As I watched Samsung unveil the Galaxy Note 8 at the Park Avenue Armory in New York City on Wednesday, I couldn’t help but think about the upcoming iPhone 8. But it wasn’t the similarities that caught my attention—the barely-there bezels, thin frame, virtual home button, glass back, dual camera—but rather the stark differences between the two.
The Note 8 and iPhone 8 will both be marketed as do-everything phones, the latest culmination of technology and design that puts tremendous power in your pocket and lets you seamlessly switch between work and play. You’ll see commercials that tout the various capabilities of the camera, the design of the screen, and the numerous new things your phone can do.
But only one of those phones will be a true productivity device, and it won’t be the iPhone 8.
Earlier this year, Samsung introduced the category of the so-called “super” phablet with the 6.2-inch Galaxy S8+. But it’s not just the size that makes it super. For the first time, Samsung adopted an 18.5:9 ratio (essentially 2:1), making the phone easier to hold and subtly increasing the vertical viewing area (and thus cutting down on how much we need to scroll).
It’s not unlike how Apple moved from a 3:2 ratio to a 16:9 one with the iPhone 5. It wasn’t a dramatic change in screen size but it made a huge difference in the way we used our apps. The 16:9 ratio sparked a whole new generation of apps, changing how information was presented on the screen and making our apps richer and more powerful.
By comparison to the 6.3-inch Note 8, the rumored 5.8-inch iPhone 8 will seem small, but the ratio will make it look downright antiquated. It’s not just that the Note 8 packs a bigger package that’s as easy to hold as a far smaller handset, the size and ratio makes it better to work with two apps at once, a feature that isn’t even available on the iPhone yet. Multi-window support is so great on an 18:9 screen that Samsung even lets you create shortcuts on the Note 8 that automatically launch two apps at the same time. It’s a level of a productivity that just isn’t possible on the iPhone, and I don’t see the iPhone 8 changing that.
S Pen power
The whole reason for the Note’s existence is productivity. Year after year it’s reliably been Samsung’s largest-screened device and the only one that has a slot for the S Pen—Samsung’s stylus—right on the bottom of the device.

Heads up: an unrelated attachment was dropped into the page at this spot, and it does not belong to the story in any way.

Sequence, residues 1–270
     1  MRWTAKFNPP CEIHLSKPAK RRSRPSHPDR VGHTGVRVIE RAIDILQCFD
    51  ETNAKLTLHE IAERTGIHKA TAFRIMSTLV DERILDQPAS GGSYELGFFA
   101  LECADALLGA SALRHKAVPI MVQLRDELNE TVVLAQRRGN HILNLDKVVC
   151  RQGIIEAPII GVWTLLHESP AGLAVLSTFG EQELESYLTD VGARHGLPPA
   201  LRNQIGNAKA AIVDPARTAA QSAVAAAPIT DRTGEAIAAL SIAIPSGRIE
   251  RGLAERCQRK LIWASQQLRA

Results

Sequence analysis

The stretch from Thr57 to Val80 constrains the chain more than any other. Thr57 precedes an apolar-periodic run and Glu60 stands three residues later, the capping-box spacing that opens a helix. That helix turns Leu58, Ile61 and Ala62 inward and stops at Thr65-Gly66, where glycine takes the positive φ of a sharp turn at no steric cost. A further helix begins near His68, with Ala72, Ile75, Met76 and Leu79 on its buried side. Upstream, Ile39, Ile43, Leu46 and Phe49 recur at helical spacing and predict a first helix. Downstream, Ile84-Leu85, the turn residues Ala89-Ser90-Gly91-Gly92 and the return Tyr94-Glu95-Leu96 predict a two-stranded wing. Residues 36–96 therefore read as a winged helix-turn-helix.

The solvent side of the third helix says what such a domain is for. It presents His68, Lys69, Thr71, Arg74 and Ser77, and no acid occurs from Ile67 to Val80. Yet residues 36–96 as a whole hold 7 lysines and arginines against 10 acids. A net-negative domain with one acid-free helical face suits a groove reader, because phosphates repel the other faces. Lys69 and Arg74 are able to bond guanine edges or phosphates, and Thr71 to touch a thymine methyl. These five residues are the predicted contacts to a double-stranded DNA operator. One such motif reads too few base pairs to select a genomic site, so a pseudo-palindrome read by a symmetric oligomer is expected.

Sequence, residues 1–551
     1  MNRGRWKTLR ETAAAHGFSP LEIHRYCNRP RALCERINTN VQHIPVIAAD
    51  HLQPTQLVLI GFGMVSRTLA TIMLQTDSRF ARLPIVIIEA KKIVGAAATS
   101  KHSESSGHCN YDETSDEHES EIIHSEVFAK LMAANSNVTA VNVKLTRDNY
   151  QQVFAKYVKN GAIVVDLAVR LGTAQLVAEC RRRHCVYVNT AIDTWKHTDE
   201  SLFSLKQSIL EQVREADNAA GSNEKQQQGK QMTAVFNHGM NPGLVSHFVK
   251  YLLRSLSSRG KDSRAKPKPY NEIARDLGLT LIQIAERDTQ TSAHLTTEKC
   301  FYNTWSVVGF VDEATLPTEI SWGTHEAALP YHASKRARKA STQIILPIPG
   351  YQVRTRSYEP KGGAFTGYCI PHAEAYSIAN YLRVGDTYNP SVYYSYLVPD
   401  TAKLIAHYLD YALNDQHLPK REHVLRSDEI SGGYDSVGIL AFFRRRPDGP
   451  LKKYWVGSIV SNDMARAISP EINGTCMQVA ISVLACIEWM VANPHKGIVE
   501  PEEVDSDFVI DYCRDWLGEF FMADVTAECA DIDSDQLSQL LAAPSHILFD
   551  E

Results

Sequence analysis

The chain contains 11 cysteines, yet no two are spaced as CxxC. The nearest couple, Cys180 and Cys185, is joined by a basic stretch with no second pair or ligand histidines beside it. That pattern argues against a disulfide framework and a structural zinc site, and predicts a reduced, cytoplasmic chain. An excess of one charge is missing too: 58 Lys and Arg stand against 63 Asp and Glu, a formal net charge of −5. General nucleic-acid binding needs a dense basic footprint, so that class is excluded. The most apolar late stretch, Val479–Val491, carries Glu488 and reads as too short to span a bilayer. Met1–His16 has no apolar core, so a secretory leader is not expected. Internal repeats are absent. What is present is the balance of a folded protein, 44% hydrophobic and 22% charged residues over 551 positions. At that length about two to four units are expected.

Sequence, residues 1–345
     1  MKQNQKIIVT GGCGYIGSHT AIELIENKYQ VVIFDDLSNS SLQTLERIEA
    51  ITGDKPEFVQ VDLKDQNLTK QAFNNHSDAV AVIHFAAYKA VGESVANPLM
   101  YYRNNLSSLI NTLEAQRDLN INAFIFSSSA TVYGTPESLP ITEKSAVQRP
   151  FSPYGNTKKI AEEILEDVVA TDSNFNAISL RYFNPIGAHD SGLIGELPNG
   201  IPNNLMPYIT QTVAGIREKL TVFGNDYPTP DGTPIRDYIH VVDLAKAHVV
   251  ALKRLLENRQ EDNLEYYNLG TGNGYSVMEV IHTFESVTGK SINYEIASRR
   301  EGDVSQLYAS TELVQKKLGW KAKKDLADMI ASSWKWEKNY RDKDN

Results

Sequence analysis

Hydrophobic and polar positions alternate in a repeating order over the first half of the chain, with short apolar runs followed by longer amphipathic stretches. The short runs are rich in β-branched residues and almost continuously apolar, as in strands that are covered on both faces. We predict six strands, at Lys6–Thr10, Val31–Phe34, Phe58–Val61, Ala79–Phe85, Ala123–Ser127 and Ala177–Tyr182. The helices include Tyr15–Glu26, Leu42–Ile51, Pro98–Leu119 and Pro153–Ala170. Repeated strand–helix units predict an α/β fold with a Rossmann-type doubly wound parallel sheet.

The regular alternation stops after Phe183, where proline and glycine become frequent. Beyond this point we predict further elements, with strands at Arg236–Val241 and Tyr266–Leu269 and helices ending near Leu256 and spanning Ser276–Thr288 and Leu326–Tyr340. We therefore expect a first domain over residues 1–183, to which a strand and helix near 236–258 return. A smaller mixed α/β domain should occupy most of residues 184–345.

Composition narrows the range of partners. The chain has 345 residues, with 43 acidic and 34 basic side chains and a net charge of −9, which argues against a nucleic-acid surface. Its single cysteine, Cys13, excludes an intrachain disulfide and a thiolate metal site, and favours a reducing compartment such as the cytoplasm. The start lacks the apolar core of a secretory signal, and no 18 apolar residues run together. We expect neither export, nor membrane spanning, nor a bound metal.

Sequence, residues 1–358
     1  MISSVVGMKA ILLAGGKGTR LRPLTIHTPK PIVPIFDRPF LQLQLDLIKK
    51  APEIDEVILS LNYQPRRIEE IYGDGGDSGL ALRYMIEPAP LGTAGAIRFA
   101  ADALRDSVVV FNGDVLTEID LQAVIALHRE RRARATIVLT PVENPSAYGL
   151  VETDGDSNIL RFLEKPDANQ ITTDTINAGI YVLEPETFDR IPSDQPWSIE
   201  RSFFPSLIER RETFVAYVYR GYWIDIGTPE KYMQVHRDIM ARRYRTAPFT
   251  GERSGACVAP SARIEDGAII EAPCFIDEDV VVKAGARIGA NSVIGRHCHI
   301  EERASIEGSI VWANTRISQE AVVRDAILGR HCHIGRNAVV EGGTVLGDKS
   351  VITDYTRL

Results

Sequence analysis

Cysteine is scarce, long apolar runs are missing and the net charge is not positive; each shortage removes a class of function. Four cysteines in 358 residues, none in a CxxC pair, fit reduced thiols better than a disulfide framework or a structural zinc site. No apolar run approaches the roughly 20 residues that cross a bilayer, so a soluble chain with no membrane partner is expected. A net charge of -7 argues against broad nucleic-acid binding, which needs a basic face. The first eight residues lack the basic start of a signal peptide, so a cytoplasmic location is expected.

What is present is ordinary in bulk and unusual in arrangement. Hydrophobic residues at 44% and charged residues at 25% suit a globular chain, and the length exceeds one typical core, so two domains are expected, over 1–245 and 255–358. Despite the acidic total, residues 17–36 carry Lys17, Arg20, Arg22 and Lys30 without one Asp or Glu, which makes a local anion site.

Apple fans like to scoff at the smartphone stylus like Steve Jobs did, but the Apple Pencil for the iPad Pro has shown us just how useful it can be. The S Pen’s best use is for screen-off memos, which let you write, save, and edit notes without needing to turn on the screen, but there are all sorts of uses for it. It’s the main thing that separates the Note 8 from the Galaxy S8+ (and the rest of the premium Android phablets), and its inclusion truly puts it in a class by itself.
The lack of Pencil support isn’t necessarily holding the iPhone back, but the addition of it—especially in the form of a miniaturized version that could attach to the device—would greatly increase its productivity benefits. As it stands, the iPhone is a great business device, but that’s mainly due to its chip and app support. There’s nothing about the iPhone that specifically caters to power users the way the iPad Pro does, and a cool new design and wireless charging aren’t going to do it.
What’s up dock?
But even if you never take the S Pen out of its holster, the Note 8 is a far greater productivity tool than the iPhone. There’s the micro SD card slot for expanding storage and keeping sensitive files safely secure. Samsung Knox that lets you set up encrypted workspaces to silo apps and data. And an array of biometrics gives users the freedom to secure their device in a variety of ways.
But the killer new feature for power users is DeX support. Samsung introduced its docking station with the Galaxy S8, but it’s been supercharged on the Note 8. Not only do you no longer have to struggle with Bluetooth pairing after the phone has been docked, app support and continuity have been greatly enhanced. Samsung demonstrated it using the Zoom video conferencing app, and the phone dynamically switched to the larger screen without dropping the call and allowed for simple screen sharing once connected to the dock.
Of course, Apple offers a bare-boned version of this with Handoff on the Mac, but with DeX there’s no need to worry about losing a connection between two devices. The Note 8 is the computer, and it blows away anything you can do with iOS. Plug in a Note 8 and you get a full desktop powered by your phone, with resizable, optimized apps. It’s as if you could expand your iPhone to the size of an iPad at the push of a button.
Work it out
Now, the Note 8 probably isn’t going to lure away the tens of millions of eager iPhone 8 buyers, but Apple shouldn’t ignore the things Samsung is doing to balance work and play. It’s not that you can’t do serious work on the iPhone, it’s that you can work better on the Note 8. And that’s not going to change if the iPhone 8 doesn’t bring more than a new bezel-less design.
Take Bixby for example. While Samsung’s voice-controlled AI assistant has only been available in the U.S. for a couple of months, Samsung is already thinking in broader terms than Apple is with Siri. On the Note 8, you can set Bixby quick commands that let you launch voice-automated workflows for executing complicated tasks. For example, you can set a nighttime action that will silence your phone, deactivate notifications, turn on the alarm, and toggle the Blue Light Filter. That’s way more useful than asking Siri to turn off the lights.
Like every new iPhone, the 8 will be the best handset Apple has ever produced, and its design will no doubt inspire a galaxy of imitators. But without some new productivity features and Pencil support, it won’t quite be able to live up to the Note 8’s high standards.